Donald Trump looms as a liability for Florida Republican candidates in competitive local elections — especially in Miami-Dade, the state’s most diverse county.
More than half of Miami-Dade voters are Hispanic, and some of them were estranged from the Republican Party long before Trump came along and began hurling insults at Mexicans while insisting that “the Hispanics love me.” Four years ago, Mitt Romney lost Miami-Dade to President Barack Obama by 208,000 votes — a gap nearly three times greater than Romney’s statewide defeat.
Since then, Miami-Dade has become even more diverse, and the Republican share of the county electorate has narrowed as more voters reject both major parties and have no party affiliation.
As Trump has emerged as the Republicans’ standard-bearer in a year when every seat in the Legislature will be up for grabs, many GOP candidates in down-ballot races are staying as far from him as possible.
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In Coral Gables, Republican state House candidate John Couriel, a son of Cuban immigrants and a Harvard law graduate, avoids talk of Trump and won’t even say whether he will vote for him.
“No. I’m focused on my race,” said Couriel, 38, a former federal prosecutor who sums up his strategy as “knocking on as many doors as I can” and focusing on local issues.
He’s running in District 114, an open seat that runs from West Miami to Cutler Bay and a swing district where Republicans have a small advantage in voters and independents are on the rise.
“They’re all over the place,” said Couriel, who supported Jeb Bush for president.
So did Rep. Manny Diaz Jr., who has been knocking on doors in Hialeah for weeks and says he detects a shift in Trump’s favor now that he has won the Republican nomination. Yet he still won’t endorse Trump.
“The problem with Mr. Trump is that I can’t seem to get a clear sense of what his principles are,” Diaz said. “I’m trying to wrap my head around what a Trump presidency would mean.”
Diaz is an alternate delegate to the Republican convention in Cleveland next month, but he said he’ll likely stay home and campaign in House District 103, where four of five voters are Hispanic and Democrats and independents each outnumber Republicans.
That’s the right decision, said Coral Gables political consultant Dario Moreno, who teaches politics at FIU. He warns candidates in Hispanic districts to avoid the convention, lest they send a message to voters that they openly embrace Trump.
Moreno said Trump is an even bigger liability among Cuban-American voters, who tend to be more conservative than other Hispanics.
“When he says, ‘Hispanics love me; I give them jobs,’ that sounds very paternalistic,” Moreno said. “It does him real harm among all Hispanics. It doesn’t matter what your immigration status is.”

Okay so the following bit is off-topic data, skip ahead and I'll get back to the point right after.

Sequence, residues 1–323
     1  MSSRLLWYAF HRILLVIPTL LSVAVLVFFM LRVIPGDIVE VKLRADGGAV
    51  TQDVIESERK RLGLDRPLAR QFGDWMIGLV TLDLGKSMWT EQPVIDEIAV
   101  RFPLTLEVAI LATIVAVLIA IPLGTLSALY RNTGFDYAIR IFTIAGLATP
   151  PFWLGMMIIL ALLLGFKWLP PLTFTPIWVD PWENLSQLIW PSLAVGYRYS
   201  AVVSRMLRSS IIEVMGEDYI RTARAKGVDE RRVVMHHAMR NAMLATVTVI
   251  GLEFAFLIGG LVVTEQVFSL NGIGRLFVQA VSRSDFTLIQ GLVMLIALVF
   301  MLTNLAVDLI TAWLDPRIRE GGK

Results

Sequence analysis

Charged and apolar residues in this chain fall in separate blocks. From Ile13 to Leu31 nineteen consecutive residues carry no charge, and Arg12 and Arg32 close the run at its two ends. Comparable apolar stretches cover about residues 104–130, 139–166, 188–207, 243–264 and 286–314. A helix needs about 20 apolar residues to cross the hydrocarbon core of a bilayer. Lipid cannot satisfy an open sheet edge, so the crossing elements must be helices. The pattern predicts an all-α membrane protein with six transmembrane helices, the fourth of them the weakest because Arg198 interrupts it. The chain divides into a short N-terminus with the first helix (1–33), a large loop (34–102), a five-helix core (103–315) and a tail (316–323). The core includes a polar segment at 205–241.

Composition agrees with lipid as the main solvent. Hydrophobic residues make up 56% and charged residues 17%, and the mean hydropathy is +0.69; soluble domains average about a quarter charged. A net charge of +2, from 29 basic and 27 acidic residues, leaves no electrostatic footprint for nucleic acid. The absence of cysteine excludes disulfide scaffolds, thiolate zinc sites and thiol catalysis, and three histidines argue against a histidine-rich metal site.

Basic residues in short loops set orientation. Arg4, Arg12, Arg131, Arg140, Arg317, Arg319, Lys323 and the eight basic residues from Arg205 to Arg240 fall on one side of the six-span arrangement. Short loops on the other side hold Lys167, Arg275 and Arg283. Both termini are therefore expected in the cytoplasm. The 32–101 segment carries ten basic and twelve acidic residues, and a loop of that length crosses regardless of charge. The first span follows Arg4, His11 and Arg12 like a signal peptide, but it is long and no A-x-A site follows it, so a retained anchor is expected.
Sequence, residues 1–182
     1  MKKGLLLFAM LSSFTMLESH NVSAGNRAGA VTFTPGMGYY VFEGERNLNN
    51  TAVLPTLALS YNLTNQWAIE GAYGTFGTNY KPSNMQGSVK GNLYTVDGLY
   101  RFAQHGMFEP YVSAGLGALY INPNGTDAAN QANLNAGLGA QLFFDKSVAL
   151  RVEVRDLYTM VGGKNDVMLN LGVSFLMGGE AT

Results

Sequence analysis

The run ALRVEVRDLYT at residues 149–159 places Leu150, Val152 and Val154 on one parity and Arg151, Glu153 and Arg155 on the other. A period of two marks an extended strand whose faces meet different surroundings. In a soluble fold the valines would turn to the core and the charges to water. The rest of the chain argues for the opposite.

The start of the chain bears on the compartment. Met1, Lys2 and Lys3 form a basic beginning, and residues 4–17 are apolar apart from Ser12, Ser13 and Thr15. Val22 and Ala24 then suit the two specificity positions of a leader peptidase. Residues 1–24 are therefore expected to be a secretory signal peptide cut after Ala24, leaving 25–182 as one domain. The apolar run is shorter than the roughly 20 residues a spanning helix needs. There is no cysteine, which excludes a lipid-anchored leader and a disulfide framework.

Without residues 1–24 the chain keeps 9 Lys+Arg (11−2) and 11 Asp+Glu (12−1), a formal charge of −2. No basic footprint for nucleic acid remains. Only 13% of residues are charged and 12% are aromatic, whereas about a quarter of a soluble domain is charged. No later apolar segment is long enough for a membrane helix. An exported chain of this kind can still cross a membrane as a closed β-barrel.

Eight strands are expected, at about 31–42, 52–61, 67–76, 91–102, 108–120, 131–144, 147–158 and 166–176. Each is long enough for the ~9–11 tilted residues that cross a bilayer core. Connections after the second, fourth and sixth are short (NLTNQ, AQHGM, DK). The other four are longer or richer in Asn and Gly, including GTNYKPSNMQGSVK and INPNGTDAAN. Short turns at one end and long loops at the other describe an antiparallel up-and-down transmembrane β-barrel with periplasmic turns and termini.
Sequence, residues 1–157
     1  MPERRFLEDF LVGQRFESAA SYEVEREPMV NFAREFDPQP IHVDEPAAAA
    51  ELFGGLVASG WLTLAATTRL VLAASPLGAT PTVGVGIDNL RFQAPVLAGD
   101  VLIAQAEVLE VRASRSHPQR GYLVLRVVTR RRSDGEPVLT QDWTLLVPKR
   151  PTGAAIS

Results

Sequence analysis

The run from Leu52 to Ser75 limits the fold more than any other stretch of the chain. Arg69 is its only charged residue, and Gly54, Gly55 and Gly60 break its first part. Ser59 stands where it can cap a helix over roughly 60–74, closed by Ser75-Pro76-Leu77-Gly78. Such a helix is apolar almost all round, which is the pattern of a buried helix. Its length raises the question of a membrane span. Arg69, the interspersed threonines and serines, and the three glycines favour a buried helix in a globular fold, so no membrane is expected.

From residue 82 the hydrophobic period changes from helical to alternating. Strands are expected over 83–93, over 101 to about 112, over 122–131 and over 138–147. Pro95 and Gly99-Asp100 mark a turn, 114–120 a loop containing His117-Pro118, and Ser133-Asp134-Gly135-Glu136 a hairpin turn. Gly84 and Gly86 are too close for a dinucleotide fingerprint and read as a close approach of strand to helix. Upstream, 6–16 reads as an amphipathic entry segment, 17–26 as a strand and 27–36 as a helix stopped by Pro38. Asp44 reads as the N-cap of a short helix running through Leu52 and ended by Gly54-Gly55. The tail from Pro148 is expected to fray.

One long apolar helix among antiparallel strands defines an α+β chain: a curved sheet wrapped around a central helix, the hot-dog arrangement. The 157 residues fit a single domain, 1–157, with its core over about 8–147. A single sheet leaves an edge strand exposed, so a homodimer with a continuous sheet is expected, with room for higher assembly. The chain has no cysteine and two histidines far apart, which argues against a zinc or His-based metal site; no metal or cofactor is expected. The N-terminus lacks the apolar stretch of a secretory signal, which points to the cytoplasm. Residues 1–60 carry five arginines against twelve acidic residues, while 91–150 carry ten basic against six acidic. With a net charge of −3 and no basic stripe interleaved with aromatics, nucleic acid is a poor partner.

The real danger, Moreno said, is that disaffected Hispanic voters will not vote in November, which will take votes away from all Republican candidates.
Trump won 66 of 67 counties in Florida’s March presidential primary — every one except Miami-Dade, where hometown voters delivered a symbolic victory to a fast-fading Marco Rubio.
A nationwide Gallup poll that month said 77 percent of Hispanics viewed Trump unfavorably.
Democrat Hillary Clinton also has high negative ratings, and GOP candidates Couriel and Diaz say Hispanic voters have a low opinion of her, as well.
Acting like Democrats
To see worried Republican candidates scurrying away from the top of their ticket is the opposite of what they usually do and reminiscent of how Democrats act, said Steve Schale, a Democratic strategist.
“These guys are doing what we had to do,” Schale said.
Schale said his party will use Trump as a blunt instrument to hurt Republican legislative candidates with TV ads and mailings showing them side by side.
“To try to connect me with Trump like that is not going to work,” Manny Diaz predicted. “The voters know me.”
Al Cardenas, a former state Republican chairman with deep roots in Miami-Dade, sees Trump as a death knell for his party.
“If the price of unity is putting the party asunder for years to come, that’s not for me,” Cardenas said.
The farther away from Miami-Dade, the better some Republicans feel about being on the same ballot as Trump.
Reps. Mike Hill, R-Pensacola Beach, and Doug Broxson, R-Gulf Breeze, are seeking an open Senate seat in a heavily Republican area of the western Panhandle.
Broxson has overcome his dislike of Trump — “a complete about-face,” he called it — and tells voters that he would rather have Trump choosing lifetime justices for the U.S. Supreme Court than Hillary Clinton.
But in the reddest and most reliably Republican part of Florida, Broxson remains wary of Trump.
“You don’t know from week to week what he’s going to say or do,” Broxson said.
Silence speaks loudly
Florida Republicans likely will retain their strong majorities in the state Senate and House, but even without Trump’s divisive and outsize presence, they face election-year challenges.
A court-ordered redrawing of Senate district lines makes the map more competitive for Democrats, including two seats now held by Republicans in Miami-Dade, Sens. Anitere Flores and Miguel Diaz de la Portilla.
For House Republicans, the past two presidential election cycles have been perilous.
They lost five seats in 2012 and seven in 2008 as Obama clinched victory twice in Florida with outreach efforts that brought many more Democrats to the polls.
The anointed leader of House Republicans, Speaker-designate Richard Corcoran of Land O’Lakes, also avoided discussion of Trump, but says he’ll explain his position in detail before the convention in Cleveland.
Corcoran, a Florida delegate, has been highly critical of Trump, calling him “a guy who has offended every other possible group known to mankind.”